For results based on the total sample of national adults, the margin of sampling error is ±4 percentage points at the 95% confidence level.
Interviews are conducted with respondents on landline telephones and cellular phones, with interviews conducted in Spanish for respondents who are primarily Spanish-speaking. Each sample of national adults includes a minimum quota of 50% cellphone respondents and 50% landline respondents, with additional minimum quotas by time zone within region. Landline and cellular telephone numbers are selected using random-digit-dial methods. Landline respondents are chosen at random within each household on the basis of which member had the most recent birthday.
Samples are weighted to correct for unequal selection probability, nonresponse, and double coverage of landline and cell users in the two sampling frames. They are also weighted to match the national demographics of gender, age, race, Hispanic ethnicity, education, region, population density, and phone status (cellphone only/landline only/both, and cellphone mostly). Demographic weighting targets are based on the most recent Current Population Survey figures for the aged 18 and older U.S. population. Phone status targets are based on the most recent National Health Interview Survey. Population density targets are based on the most recent U.S. census. All reported margins of sampling error include the computed design effects for weighting.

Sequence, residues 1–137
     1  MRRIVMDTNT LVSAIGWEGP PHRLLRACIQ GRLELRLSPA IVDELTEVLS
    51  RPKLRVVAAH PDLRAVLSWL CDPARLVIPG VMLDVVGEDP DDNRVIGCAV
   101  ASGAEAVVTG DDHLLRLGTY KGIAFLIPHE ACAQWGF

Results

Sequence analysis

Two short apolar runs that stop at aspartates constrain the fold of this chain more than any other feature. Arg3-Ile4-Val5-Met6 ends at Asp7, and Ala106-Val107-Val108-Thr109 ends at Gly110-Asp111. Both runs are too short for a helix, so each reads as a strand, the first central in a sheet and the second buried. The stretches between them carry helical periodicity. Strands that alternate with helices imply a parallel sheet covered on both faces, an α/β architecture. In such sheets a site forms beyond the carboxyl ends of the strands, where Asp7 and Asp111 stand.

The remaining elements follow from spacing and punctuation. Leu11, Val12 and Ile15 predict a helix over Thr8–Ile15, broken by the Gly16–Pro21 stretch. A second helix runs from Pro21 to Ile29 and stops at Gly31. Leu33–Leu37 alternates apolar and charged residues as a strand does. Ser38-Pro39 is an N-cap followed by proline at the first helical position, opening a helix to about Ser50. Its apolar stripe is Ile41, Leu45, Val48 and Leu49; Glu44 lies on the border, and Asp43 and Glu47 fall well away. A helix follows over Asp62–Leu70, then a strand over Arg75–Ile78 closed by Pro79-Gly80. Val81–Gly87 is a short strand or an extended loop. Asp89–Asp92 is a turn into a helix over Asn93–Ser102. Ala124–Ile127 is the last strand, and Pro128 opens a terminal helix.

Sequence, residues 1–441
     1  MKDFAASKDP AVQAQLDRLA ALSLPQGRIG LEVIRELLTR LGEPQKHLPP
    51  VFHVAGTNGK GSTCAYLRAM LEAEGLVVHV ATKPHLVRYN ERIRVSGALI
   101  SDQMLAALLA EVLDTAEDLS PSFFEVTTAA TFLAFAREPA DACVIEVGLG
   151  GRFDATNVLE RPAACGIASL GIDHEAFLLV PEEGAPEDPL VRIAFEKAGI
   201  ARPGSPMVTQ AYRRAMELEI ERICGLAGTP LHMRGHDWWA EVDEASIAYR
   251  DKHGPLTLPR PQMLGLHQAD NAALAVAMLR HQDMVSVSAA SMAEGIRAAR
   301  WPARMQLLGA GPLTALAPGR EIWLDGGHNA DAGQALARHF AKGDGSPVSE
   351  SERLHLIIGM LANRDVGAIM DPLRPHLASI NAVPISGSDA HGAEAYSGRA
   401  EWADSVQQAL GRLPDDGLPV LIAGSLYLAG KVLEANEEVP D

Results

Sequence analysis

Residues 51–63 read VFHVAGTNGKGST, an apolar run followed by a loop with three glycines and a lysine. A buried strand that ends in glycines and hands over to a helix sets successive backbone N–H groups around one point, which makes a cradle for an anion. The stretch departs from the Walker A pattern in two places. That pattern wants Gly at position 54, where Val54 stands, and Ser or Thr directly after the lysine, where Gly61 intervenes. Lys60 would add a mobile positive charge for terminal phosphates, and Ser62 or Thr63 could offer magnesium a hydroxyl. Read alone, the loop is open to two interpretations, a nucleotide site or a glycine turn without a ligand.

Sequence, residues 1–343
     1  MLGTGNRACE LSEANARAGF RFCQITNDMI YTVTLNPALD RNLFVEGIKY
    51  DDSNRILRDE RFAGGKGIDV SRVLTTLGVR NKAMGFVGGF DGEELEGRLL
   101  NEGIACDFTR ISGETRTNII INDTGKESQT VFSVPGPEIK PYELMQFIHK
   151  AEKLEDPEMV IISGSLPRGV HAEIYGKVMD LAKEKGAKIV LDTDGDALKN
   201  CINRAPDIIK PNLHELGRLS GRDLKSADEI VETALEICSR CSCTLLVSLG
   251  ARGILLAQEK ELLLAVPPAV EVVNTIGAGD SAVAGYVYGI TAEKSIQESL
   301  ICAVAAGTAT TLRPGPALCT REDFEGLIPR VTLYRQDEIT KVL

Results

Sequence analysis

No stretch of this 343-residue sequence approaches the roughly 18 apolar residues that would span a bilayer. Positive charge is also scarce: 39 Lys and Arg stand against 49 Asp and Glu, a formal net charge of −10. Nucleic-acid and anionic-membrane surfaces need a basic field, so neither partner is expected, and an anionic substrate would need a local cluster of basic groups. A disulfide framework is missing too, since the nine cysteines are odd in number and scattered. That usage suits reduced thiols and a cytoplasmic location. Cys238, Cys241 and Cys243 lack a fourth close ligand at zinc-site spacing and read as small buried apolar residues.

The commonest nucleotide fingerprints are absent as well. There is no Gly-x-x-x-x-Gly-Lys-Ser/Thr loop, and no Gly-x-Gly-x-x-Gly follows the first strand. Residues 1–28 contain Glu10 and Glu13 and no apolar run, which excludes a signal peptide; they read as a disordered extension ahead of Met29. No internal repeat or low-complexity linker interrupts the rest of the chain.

In addition to sampling error, question wording and practical difficulties in conducting surveys can introduce error or bias into the findings of public opinion polls.
For more details on Gallup's polling methodology, visit www.gallup.com.